The brain can process information, store them, and retrieve them as and when required; however, we hardly know much about the physiological mechanisms behind such fundamental functions of the brain. The efforts by psychologists, scientists, engineers, physicists, and mathematicians over the past decades have given some significant insight on the brain functions and have been helpful for carrying out further research on the subject.
In this context, the hypothesis put forward by Vipin Srivastava and Suchitra Sampath of the University of Hyderabad, India is of great significance. In their article, published in the Neurology and Neuroscience Research Journal, they have hypothesized that the brain has the inherent capability of high-level mathematical computing to perform certain cognitive tasks.
They give the examples of higher level mathematical operations like ‘orthogonalization’ and ‘Fourier transformation’, and assert that the former may correspond to the physiological role of the brain in processing incoming information, while the latter may be responsible for the holographic nature of long-term memory.
The brain comprises billions of neurons, which have different levels potentiation or inhibition. The neurons continuously exchange electrical impulses while the brain is active. Other neurons receive these impulses, which are excitatory or inhibitory inputs, via synapses and add them linearly. The capabilities of the neurons to add and the neuron-synapse duos to multiply lead to the formation of memories. Hebbian plasticity helps them to be stored in the synapses. These unique capabilities of neuron and synapses enable to perform higher levels of mathematical operations like ‘orthogonalization’ and ‘Fourier transformation’.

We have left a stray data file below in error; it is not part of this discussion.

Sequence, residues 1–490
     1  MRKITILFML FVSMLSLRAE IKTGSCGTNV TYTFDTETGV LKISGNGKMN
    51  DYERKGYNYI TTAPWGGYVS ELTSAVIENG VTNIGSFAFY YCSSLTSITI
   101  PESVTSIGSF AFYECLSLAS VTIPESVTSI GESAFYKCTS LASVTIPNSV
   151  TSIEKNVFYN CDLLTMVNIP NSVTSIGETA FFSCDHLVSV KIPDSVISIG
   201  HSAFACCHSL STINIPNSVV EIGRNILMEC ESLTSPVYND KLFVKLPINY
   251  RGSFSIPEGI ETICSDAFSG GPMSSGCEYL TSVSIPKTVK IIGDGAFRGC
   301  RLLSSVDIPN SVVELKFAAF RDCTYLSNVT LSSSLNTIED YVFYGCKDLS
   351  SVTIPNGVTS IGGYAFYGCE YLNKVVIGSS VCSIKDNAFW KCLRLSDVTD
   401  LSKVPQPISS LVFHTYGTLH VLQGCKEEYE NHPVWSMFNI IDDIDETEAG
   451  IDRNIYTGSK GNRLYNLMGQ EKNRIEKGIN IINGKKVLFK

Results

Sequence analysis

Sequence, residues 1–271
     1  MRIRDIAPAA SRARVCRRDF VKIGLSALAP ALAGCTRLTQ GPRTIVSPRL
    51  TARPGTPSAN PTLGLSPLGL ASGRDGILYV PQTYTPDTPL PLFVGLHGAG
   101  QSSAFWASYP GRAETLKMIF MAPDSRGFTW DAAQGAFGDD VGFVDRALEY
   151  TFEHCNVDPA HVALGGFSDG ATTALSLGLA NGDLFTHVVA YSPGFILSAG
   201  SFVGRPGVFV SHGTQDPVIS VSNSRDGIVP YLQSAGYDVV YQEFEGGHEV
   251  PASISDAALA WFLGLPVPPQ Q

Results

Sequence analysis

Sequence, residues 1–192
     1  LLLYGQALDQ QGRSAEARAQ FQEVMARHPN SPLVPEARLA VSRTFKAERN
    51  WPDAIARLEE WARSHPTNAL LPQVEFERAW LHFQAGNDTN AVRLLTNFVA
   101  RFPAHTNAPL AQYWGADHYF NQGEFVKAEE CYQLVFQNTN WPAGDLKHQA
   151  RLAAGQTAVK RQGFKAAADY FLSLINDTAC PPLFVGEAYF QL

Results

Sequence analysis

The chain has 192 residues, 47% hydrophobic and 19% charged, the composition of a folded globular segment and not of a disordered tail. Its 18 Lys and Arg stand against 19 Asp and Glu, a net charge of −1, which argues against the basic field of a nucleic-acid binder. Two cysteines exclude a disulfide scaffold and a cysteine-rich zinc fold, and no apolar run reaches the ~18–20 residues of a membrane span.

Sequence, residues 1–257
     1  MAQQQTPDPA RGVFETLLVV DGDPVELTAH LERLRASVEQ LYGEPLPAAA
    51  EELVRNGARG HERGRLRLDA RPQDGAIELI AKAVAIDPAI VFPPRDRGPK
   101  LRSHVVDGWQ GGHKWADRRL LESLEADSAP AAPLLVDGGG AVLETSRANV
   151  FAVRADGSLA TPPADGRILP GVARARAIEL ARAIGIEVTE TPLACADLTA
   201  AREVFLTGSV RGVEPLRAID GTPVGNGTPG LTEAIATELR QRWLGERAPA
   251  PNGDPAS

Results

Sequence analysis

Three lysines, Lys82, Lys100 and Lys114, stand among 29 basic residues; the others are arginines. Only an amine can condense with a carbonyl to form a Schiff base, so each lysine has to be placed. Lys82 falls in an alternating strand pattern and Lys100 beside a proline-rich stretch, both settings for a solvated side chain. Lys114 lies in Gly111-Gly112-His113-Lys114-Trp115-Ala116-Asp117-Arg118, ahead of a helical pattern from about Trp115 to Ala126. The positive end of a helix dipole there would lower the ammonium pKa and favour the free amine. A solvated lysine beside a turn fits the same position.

Orthogonalization refers to a mathematical transformation by which a given set of vectors are converted into a set of mutually perpendicular vectors. As per the hypothesis put forth by the authors, the brain stores the orthogonalized vectors in the synapses, instead of the original vectors. This is helpful in storing the ‘similarities’ and ‘differences’ of the new information with those already stored in the memory, rather than the entire information in the incoming vector.
We may lose short-term memory due to an accident or ageing, however, we retain long-term memories. This may be due to the holographic character of the long-term memory by which even if a part of the unit is destroyed, the remaining units bring together the entire memory, similar to a hologram image. Mathematically, this indicates that the brain possesses the Fourier transformation capability while sending the Hippocampus memories to the long-term memory areas in the cortex.
The hypothesis explained in the article is based on severe research and careful calculations, both mathematical and computational, the details of which can be found in the references. Mathematical expressions are minimised in the article and the description is provided on a qualitative level.
The authors observe that the novel ideas and hypotheses expressed by them are in the preliminary stages of development and need further efforts and experiments to substantiate the hypotheses and formulate theories to explain the mechanism behind certain cognitive functions. The discussion provided in the article is basically generic in nature, without reference to any specific area of the brain; however, it can be redesigned to suit any specific part of the brain without much difficulty.
Vipin Srivastava, Suchitra Sampath. Could the Brain Function Mathematically? Neurology and Neuroscience Research 2018;1(1):4. [View Article]